# Running Time Analysis of a Simple Binary Search Algorithm

I'm stuck with the following problem by Skiena (The Algorithm Design Manual, p. 106):

Problem: Give an efficient algorithm to determine whether two sets (of size $$m$$ and $$n$$, respectively) are disjoint. Analyze the worst-case complexity in terms of $$m$$ and $$n$$, considering the case where $$m$$ is substantially smaller than $$n$$.

Solution: First sort the big set – The big set can be sorted in $$O(n\log n)$$ time. We can now do a binary search with each of the m elements in the second, looking to see if it exists in the big set. The total time will be $$O((n + m)\log n)$$.

My question: Why is the running time $$O((n + m)\log n)$$? I would have to perform m binary searches in total (one binary search for every element in $$m$$) - as one binary search has a running time of $$O(\log n)$$, I would have to perform $$m \cdot \log n$$ operations in the worst case. How does this - if at all - translate into $$O((n + m)\log n)$$?

• It takes $O(n\log n)$ to sort the bigger set, and to $O(m\log n)$ to do the binary search, for a total of $O(n\log n + m\log n) = O((m+n)\log n)$. Note that you can do even better if you sort the smaller set instead, replacing $\log n$ with $\log m$. May 27, 2020 at 18:07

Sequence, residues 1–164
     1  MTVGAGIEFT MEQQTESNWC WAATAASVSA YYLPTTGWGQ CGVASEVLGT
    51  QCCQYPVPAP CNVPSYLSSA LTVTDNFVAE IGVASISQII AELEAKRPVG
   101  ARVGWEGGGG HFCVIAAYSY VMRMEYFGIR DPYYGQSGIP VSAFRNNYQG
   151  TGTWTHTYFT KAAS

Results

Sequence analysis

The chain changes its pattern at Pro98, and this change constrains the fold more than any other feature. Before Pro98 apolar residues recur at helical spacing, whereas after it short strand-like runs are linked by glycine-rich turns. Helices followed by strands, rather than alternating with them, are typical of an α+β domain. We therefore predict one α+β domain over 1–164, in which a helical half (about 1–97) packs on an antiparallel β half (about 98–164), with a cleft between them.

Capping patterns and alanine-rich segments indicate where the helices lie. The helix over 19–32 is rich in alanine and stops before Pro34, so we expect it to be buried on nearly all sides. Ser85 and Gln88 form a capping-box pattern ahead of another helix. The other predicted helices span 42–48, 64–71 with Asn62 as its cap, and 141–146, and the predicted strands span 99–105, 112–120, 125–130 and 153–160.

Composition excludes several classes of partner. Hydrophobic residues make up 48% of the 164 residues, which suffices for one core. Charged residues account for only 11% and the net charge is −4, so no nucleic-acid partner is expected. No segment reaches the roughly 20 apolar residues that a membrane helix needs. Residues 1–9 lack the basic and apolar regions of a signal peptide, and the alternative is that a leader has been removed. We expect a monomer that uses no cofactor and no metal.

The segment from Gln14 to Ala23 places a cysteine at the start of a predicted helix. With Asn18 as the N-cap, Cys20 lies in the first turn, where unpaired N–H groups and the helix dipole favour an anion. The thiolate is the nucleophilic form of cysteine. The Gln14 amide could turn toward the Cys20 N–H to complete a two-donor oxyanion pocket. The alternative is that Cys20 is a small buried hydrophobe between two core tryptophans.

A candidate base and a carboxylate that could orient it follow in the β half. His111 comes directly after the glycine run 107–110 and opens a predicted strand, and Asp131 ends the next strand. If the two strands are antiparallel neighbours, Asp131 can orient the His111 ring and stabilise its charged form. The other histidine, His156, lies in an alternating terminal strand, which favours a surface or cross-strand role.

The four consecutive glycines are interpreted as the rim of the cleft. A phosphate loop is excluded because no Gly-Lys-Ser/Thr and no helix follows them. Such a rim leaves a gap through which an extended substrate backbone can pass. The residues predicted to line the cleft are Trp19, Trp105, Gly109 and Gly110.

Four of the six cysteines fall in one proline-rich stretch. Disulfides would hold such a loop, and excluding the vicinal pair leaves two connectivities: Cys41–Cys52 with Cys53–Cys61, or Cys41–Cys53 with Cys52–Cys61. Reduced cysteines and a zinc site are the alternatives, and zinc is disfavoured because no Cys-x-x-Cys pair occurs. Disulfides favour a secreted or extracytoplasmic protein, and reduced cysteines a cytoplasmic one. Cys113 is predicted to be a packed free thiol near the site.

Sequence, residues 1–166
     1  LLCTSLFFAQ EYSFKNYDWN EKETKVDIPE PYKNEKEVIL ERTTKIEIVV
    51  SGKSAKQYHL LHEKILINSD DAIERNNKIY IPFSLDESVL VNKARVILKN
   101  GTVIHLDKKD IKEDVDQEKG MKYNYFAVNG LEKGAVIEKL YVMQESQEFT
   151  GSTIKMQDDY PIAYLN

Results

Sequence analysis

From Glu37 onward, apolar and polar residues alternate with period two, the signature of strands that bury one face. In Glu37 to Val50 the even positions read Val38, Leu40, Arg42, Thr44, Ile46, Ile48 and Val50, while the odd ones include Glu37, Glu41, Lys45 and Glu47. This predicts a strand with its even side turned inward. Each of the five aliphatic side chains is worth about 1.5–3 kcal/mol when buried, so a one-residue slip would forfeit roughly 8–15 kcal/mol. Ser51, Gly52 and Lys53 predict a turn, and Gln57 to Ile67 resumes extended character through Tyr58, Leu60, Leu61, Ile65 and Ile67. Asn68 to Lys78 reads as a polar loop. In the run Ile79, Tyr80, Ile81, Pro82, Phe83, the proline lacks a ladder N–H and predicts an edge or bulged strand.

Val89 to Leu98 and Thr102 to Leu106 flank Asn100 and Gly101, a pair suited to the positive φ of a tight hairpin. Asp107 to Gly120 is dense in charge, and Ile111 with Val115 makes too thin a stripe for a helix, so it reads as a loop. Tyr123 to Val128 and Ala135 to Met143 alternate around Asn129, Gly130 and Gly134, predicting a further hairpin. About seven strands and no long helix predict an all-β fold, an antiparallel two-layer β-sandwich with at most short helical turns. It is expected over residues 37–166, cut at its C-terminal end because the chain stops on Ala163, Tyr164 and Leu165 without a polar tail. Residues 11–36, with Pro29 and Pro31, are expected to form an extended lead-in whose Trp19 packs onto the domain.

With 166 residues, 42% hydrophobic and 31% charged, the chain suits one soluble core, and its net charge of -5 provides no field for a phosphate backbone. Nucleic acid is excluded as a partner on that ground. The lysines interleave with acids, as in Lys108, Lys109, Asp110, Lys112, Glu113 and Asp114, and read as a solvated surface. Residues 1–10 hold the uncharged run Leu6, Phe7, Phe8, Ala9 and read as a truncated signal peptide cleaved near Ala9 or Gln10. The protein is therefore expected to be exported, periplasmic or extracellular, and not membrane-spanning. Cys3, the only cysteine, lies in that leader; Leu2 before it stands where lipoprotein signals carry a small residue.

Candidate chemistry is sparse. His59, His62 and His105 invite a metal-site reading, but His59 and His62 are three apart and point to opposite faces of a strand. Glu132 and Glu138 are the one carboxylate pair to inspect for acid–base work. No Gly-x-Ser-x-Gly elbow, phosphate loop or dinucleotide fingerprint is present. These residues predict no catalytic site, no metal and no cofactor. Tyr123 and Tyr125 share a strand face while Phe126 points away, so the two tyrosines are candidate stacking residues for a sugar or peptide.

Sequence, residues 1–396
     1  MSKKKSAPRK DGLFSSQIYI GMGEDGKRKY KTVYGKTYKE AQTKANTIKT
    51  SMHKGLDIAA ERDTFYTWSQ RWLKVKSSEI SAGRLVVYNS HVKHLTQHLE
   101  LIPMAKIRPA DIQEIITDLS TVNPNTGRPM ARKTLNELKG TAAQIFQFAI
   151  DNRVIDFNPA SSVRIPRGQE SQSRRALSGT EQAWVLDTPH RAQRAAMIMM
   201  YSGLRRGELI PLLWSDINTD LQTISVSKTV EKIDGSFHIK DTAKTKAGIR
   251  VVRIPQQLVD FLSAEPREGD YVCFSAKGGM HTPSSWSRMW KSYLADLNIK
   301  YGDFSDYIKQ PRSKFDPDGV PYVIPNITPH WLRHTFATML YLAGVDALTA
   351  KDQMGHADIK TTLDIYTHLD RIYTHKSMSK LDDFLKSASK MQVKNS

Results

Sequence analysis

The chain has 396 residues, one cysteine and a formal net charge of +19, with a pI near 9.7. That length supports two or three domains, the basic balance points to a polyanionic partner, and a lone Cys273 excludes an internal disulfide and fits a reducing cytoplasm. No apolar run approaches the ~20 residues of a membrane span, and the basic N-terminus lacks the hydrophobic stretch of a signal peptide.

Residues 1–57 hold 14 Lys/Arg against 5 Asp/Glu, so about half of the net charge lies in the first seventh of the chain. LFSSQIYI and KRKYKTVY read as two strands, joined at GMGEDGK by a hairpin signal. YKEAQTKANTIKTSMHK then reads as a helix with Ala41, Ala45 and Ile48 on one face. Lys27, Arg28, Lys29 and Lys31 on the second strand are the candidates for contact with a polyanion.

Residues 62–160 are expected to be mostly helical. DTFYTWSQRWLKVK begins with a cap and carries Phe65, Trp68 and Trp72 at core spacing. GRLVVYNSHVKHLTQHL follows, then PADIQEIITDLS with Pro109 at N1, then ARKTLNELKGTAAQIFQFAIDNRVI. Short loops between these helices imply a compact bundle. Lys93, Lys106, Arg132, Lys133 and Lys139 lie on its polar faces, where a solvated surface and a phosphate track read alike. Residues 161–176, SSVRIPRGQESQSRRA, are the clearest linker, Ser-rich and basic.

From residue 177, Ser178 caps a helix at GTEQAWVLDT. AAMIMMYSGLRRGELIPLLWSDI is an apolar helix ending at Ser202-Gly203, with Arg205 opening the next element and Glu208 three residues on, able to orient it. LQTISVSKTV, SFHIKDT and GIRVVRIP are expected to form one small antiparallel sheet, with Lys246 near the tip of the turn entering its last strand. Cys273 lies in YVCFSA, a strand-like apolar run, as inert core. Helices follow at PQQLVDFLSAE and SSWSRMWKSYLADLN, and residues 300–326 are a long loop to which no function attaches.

• Thanks, I got it know! May 28, 2020 at 9:44

Sorting the big set takes time $$O(n\log n)$$. You perform $$m$$ binary searches, each taking $$O(\log n)$$, for a total of $$O(m\log n)$$ time spent on binary search. The total running time of the algorithm is thus $$O(n\log n + m\log n) = O((n + m)\log n) = O(n\log n),$$ assuming $$m \leq n$$.
Note that it is even better to sort the smaller list, since then the running time improves to $$O(n\log m)$$.